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Inward FDI in Germany and its policy context

Jost, Thomas

With a stable economic and political system, open capital markets, the largest domestic market in Europe, and European Union (EU) membership, Germany has attracted competitive and export-oriented multinational enterprises (MNEs) since the 1960s. In the 1990s—after German unification and the opening up of Eastern Europe—inward foreign direct investment (IFDI) grew more slowly than expected despite the increased market potential. In recent years, the German economy strengthened and the wage and cost gaps against its main competitors narrowed, contributing to higher IFDI. With the financial and economic crises, German IFDI declined considerably in 2008 but started to rise again in 2009. At the end of 2008, Germany ranked among the top four developed countries as host for IFDI. Germany's open investment regime was tightened in 2009, in reaction to the emergence of sovereign wealth funds (SWFs).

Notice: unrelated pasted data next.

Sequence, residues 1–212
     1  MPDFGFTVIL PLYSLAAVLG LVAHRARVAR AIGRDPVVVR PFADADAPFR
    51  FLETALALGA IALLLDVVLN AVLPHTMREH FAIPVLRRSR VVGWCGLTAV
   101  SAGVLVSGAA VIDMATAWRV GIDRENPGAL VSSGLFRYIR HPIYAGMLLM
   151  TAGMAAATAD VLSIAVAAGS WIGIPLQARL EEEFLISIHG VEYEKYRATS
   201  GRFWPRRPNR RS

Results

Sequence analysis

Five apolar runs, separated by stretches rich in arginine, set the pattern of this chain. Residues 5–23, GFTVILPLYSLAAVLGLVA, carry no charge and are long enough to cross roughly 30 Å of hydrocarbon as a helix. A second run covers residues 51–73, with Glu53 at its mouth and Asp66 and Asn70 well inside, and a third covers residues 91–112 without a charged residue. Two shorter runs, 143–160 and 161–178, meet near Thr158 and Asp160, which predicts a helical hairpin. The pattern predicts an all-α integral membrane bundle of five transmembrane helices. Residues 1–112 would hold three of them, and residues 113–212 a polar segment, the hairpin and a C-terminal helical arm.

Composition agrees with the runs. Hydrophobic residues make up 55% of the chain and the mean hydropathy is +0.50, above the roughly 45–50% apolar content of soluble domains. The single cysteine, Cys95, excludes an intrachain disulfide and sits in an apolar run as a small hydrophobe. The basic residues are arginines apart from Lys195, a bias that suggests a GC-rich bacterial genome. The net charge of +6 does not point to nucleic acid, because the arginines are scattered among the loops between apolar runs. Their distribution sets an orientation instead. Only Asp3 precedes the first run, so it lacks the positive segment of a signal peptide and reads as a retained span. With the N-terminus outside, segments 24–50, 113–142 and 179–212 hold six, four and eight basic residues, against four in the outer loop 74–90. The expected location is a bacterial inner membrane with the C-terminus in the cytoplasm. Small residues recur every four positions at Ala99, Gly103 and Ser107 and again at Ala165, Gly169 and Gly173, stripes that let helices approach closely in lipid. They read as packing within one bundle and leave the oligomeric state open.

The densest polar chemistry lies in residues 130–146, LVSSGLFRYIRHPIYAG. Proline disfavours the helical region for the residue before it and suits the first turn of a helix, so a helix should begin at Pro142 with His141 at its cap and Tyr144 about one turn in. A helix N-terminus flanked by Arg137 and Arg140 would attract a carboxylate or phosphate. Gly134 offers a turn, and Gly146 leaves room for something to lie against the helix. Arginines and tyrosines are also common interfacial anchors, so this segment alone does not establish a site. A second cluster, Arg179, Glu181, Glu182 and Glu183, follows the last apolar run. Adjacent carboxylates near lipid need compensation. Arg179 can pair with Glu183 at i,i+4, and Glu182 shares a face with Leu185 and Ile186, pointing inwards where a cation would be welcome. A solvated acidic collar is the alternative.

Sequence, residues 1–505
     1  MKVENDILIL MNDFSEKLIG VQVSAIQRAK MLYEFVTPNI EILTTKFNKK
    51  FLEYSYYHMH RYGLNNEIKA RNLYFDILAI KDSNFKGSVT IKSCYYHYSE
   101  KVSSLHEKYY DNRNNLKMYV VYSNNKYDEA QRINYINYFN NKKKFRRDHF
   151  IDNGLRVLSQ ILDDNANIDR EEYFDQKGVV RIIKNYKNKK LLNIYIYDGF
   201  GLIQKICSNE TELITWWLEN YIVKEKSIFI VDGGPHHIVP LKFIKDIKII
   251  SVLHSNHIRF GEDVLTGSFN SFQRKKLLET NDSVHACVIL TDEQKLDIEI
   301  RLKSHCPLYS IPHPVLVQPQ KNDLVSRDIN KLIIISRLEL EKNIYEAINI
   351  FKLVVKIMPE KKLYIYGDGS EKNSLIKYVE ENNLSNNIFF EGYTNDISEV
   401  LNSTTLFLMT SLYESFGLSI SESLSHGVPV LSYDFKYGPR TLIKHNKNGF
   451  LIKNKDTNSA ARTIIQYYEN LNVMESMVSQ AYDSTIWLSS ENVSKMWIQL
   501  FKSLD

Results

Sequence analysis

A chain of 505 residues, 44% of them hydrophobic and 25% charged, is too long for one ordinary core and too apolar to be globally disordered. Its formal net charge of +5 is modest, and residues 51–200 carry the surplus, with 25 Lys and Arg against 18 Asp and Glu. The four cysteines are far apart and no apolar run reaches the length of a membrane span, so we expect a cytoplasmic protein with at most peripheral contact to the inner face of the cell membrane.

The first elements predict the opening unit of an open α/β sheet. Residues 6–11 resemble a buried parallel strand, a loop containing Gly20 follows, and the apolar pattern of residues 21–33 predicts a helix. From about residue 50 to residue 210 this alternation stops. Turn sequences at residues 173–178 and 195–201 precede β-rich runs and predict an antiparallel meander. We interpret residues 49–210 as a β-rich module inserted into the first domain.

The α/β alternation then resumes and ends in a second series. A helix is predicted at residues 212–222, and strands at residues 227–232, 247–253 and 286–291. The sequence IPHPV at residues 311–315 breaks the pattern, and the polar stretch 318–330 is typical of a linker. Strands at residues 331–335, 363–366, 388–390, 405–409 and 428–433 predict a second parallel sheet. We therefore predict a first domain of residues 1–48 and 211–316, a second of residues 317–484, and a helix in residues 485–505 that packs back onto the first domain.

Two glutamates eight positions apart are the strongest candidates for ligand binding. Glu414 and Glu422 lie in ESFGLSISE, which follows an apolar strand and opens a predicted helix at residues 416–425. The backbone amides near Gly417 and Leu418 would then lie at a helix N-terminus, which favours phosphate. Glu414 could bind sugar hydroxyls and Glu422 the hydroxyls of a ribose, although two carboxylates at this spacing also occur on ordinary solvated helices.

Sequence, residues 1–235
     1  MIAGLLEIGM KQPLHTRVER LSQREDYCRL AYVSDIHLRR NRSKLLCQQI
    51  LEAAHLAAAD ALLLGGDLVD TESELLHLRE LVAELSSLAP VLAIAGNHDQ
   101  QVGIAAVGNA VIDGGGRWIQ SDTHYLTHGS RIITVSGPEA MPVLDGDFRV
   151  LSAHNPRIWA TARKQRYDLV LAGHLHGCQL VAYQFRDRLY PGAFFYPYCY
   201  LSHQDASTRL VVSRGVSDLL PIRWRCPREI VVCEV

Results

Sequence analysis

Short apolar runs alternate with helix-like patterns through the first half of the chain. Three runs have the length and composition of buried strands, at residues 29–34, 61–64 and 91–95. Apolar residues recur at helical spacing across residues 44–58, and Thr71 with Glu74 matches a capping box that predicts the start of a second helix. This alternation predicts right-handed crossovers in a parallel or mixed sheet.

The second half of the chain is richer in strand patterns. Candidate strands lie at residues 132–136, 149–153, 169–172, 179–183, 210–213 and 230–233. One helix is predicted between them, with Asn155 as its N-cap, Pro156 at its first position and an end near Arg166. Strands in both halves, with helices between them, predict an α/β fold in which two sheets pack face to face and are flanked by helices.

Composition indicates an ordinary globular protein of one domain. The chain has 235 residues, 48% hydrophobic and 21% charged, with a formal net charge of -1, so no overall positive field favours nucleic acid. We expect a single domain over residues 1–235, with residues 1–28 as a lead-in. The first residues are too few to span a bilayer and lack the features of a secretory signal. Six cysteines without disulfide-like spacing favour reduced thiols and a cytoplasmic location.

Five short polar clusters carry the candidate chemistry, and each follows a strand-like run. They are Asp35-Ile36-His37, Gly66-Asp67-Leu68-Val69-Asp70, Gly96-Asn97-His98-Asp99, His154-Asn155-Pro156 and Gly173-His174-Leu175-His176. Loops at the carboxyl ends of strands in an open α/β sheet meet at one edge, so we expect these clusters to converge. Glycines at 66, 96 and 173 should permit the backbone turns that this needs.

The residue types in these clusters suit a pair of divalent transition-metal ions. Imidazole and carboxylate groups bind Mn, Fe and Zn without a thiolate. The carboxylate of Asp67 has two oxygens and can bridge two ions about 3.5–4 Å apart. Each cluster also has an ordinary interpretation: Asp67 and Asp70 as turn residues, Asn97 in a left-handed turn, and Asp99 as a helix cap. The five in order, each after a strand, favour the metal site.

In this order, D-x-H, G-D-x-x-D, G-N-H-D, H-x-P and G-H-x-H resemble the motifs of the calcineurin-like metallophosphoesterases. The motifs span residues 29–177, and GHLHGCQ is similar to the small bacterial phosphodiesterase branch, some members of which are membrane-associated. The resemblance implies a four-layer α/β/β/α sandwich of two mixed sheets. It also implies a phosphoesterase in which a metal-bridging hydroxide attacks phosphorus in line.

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More About This Work

Academic Units
Vale Columbia Center on Sustainable International Investment
Publisher
Vale Columbia Center on Sustainable International Investment
Series
Columbia FDI Profiles
Published Here
October 15, 2010

Notes

July 26, 2010.

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